By Christopher DeGroot
Their home is something people take very seriously. We work hard for our money, and a home costs a lot of money, so we naturally want to get every aspect of it right. Interior design, if not done right, can decrease the value of an otherwise excellent property. So here is what you need to know about interior design.
“The more information a consumer can supply to a designer,” says Joseph A. Berkowitz, of Joseph A. Berkowitz Interiors Inc., in Penn Valley, PA, “the faster and better the project will be executed. There is a psychological aspect to this industry that requires an astute understanding of people.”
Basically, your designer needs to understand your style. He needs to get in your head and see through your eyes.
Knowing what you hate can be as helpful as knowing what you love. And since everyone cannot describe the new or refreshed style he may be hoping for, pictures of rooms, hotels, or restaurants that caught your eye are good tools for your design team. “I often look into my client’s closet (with their permission of course) to see what colors they wear,” says Berkowitz. “Defining your style goal is the best beginning.”
The wrong interior design can undermine even the finest architecture or exterior plan. The consumer will put a lot of money into the structure of his home. The interior design must complement that structure. It is an extension of the vision that will impact the value greatly. There is an expectation when someone enters your home, and it is the last impression that matters. People look at an exterior but they experience the interior.
Style is a very personal thing, but not everybody will be pleased by all styles. The homebuilder will want to find a middle ground when it comes to design, that will please as much of the public as possible. This will leave out extreme colors, exotic styles and avant-garde detail. The same goes for a homeowner hoping to sell his home. Neutrals are always the most appealing, so save the extreme for your wardrobe if resale is your main goal.
Everyone appreciates classic and understated, whether traditional or contemporary.
How can people go about hiring a quality interior designer? What should they look for in order to decide whether the interior designer is worth their investment? Berkowitz says to “look for creativity, personality and good business sense. Creativity is very important. Do not look for your home on a designer’s website; the works they feature are the result of someone else’s taste and desires.”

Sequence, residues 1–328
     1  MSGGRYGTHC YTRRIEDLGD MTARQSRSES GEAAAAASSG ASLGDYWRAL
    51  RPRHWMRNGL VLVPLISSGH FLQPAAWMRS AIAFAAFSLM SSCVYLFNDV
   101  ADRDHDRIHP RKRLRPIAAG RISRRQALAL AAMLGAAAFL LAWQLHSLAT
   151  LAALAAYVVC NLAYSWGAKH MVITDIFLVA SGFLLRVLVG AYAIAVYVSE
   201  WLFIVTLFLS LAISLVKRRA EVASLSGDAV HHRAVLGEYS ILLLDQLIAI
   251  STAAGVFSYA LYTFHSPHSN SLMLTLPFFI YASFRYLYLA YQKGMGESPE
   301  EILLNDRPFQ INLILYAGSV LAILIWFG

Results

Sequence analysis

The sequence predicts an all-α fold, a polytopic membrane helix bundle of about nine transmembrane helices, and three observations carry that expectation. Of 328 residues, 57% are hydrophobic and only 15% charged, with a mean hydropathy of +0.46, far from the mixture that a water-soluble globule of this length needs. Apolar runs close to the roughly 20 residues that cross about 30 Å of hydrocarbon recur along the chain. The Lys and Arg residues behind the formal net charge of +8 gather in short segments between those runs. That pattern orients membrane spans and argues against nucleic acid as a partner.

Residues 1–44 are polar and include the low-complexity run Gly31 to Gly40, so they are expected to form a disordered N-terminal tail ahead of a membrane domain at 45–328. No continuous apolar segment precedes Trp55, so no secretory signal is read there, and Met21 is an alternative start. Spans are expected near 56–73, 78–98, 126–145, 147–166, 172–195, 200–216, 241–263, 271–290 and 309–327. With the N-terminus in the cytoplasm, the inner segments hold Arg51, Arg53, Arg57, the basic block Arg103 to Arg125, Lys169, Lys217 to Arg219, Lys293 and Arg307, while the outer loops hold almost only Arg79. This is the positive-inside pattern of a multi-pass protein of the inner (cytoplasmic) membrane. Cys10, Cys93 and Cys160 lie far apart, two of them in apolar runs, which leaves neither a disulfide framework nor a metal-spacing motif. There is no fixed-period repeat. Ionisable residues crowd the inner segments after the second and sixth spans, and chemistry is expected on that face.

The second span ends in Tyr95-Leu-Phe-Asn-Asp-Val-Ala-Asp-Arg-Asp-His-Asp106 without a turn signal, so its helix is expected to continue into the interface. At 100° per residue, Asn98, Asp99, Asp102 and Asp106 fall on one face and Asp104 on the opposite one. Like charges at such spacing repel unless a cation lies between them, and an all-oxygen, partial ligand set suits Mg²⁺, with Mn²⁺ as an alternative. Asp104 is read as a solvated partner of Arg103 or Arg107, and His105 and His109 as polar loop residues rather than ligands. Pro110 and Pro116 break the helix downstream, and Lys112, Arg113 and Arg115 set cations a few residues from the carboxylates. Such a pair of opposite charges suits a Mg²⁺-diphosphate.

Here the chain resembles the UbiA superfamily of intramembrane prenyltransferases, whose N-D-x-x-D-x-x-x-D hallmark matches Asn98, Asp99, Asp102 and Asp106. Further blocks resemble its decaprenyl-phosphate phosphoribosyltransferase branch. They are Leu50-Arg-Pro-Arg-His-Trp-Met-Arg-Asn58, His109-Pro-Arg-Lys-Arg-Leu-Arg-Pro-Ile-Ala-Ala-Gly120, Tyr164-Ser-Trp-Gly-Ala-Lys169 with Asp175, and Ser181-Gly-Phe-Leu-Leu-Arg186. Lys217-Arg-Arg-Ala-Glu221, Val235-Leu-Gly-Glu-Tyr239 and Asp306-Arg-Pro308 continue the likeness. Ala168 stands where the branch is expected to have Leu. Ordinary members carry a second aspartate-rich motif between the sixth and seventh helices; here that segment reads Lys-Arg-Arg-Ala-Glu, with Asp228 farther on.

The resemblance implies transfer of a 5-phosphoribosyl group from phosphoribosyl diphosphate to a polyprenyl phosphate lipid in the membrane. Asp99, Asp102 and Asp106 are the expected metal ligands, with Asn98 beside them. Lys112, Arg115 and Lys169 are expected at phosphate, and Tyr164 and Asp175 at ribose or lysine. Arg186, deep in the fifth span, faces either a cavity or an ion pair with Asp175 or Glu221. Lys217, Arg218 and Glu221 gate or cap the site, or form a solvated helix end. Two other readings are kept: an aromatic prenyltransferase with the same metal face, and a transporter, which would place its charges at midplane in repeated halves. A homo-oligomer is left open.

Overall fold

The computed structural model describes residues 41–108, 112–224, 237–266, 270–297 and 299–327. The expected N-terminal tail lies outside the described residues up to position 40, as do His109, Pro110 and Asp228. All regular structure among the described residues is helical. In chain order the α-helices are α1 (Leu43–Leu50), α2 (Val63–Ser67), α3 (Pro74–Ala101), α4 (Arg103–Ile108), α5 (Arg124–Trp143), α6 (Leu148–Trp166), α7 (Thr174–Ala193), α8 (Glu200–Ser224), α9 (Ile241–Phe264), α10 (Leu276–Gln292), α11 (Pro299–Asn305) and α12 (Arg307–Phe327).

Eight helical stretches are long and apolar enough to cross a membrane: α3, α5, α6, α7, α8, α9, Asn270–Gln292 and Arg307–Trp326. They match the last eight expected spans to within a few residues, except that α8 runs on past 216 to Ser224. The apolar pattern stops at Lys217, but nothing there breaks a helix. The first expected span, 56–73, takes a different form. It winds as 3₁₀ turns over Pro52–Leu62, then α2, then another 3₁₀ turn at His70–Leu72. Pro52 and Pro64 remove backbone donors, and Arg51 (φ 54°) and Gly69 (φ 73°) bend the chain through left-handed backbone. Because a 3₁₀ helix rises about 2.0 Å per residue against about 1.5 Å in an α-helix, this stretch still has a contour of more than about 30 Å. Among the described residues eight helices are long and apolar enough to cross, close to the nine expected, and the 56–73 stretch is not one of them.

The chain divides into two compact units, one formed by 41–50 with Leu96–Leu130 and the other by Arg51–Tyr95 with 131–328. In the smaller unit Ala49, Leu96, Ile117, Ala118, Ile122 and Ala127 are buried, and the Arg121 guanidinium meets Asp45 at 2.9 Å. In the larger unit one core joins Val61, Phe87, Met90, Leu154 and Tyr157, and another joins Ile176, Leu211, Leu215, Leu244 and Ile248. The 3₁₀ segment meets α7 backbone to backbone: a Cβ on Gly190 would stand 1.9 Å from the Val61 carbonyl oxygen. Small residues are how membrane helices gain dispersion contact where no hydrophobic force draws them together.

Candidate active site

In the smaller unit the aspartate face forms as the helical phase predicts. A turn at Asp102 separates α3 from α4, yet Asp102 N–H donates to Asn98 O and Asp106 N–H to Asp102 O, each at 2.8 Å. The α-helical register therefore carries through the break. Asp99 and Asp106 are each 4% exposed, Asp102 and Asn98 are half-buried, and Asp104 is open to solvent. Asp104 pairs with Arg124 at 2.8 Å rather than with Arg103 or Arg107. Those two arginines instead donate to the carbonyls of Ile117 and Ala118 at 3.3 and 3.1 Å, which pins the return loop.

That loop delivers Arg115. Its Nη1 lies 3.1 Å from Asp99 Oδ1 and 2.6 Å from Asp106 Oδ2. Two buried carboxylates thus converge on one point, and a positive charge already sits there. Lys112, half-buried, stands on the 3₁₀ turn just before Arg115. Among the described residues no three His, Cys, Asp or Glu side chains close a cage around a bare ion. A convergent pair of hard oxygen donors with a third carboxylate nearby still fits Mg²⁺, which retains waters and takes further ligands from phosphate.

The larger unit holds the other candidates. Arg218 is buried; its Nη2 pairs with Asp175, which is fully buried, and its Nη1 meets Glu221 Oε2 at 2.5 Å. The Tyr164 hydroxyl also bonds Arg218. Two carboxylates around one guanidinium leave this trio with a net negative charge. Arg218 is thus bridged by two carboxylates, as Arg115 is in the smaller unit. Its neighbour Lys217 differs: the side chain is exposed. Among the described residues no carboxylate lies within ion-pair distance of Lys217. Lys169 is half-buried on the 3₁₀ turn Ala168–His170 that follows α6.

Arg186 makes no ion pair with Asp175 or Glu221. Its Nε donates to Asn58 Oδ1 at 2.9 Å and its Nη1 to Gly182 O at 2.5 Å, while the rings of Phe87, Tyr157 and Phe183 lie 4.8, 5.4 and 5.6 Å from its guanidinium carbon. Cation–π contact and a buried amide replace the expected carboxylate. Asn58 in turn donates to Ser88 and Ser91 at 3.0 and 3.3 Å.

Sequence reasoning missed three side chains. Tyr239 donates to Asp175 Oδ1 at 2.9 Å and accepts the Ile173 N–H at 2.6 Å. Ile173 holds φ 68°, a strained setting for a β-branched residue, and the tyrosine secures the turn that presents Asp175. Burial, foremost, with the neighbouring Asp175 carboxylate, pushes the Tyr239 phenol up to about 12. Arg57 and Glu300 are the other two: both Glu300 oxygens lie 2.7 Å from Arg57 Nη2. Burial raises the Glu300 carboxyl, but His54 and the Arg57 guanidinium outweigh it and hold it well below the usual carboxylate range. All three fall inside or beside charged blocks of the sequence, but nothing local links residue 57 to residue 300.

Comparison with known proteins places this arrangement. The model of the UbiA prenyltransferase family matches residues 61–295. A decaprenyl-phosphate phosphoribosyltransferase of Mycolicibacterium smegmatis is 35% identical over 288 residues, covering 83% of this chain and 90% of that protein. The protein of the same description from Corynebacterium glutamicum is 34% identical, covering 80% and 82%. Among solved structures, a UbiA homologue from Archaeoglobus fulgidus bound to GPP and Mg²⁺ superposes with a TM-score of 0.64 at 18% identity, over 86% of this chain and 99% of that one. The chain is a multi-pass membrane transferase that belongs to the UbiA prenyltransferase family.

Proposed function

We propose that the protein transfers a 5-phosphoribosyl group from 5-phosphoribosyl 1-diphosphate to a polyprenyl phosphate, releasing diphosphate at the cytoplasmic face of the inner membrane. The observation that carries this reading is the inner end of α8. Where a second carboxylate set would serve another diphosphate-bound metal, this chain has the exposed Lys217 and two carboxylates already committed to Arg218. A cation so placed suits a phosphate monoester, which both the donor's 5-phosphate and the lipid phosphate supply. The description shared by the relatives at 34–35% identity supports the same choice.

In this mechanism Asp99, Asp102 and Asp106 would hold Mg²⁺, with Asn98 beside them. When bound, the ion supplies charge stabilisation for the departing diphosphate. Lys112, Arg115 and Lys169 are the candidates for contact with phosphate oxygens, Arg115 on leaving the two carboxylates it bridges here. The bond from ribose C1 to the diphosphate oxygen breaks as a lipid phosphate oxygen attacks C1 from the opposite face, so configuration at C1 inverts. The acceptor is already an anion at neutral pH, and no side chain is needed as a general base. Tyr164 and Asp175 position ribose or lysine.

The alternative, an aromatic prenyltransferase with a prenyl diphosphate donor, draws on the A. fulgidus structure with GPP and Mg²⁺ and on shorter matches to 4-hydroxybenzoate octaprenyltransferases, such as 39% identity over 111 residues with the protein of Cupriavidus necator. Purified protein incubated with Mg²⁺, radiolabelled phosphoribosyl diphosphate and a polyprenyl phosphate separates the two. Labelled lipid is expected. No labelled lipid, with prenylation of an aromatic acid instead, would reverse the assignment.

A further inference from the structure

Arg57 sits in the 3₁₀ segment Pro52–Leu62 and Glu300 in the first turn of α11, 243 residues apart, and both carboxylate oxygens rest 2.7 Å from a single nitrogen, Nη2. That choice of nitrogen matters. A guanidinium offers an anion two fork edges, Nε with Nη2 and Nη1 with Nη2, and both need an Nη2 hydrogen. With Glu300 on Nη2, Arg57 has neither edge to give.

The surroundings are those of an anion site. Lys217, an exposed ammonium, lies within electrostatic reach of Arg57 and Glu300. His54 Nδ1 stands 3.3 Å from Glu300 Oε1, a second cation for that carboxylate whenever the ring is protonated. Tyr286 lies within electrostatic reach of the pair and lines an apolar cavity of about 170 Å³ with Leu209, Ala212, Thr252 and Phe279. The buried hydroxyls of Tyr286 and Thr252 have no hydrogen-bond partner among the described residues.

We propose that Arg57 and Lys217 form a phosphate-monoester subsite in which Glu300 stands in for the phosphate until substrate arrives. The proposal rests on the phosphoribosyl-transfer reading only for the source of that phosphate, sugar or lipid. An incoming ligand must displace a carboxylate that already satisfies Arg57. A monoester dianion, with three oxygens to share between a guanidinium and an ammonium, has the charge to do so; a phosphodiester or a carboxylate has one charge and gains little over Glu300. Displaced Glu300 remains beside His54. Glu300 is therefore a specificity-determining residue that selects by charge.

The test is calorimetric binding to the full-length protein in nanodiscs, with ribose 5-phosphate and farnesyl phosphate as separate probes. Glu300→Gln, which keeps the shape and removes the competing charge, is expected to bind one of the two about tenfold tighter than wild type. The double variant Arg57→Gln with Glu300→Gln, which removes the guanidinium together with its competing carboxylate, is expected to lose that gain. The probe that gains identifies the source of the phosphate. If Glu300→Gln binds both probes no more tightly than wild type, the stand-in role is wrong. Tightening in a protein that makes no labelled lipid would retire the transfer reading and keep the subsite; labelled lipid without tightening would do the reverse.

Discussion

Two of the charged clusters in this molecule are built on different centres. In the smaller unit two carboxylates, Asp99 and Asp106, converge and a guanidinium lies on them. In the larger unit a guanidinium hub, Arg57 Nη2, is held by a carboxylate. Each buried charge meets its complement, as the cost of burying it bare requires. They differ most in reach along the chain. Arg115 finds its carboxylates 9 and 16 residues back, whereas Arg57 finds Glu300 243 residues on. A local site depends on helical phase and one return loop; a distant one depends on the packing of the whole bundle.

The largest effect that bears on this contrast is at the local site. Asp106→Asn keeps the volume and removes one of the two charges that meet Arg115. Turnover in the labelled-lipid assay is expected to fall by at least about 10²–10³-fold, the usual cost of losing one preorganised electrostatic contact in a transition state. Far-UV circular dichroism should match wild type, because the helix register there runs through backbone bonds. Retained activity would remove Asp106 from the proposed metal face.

With respect to creativity Berkowitz thinks you should look for the following:
1. Good use of color. There is a definite skill to mixing color. It is one of the most important expressions of your personal style.
2. Space planning. The way furniture is laid out in a setting creates the space. It must relate to itself and to the architecture of your room. Scale and positioning are crucial.
3. Variety. A designer should be able to work in many styles since people vary in their tastes. No two clients want the same thing. You want to feel that your project was created for you!
In regard to personality, the relationship between you and your designer is personal, and it needs to be. You will discuss personal details. You will need to develop an understanding of each other. With that in mind you must feel comfortable with him or her. A good design process includes hard work, laughter, honesty, and hopefully an occasional drink to celebrate your hard work and wonderful results as they happen. You must be able to speak very comfortably about what you like and dislike with your designer. They should leave their ego at home.
Lastly, business sense: great design skills must be backed up by great business acumen. Money needs to be handled appropriately for each client. Funds cannot be comingled. Your designer should have some staff. There are tradesmen who need to be scheduled to do your project in a timely manner. There is merchandise that must be ordered and tracked. There is office work, and a human must answer the phone. Communication is vital. You must be kept in the loop and feel taken care of. A designer simply cannot manage all of that by himself.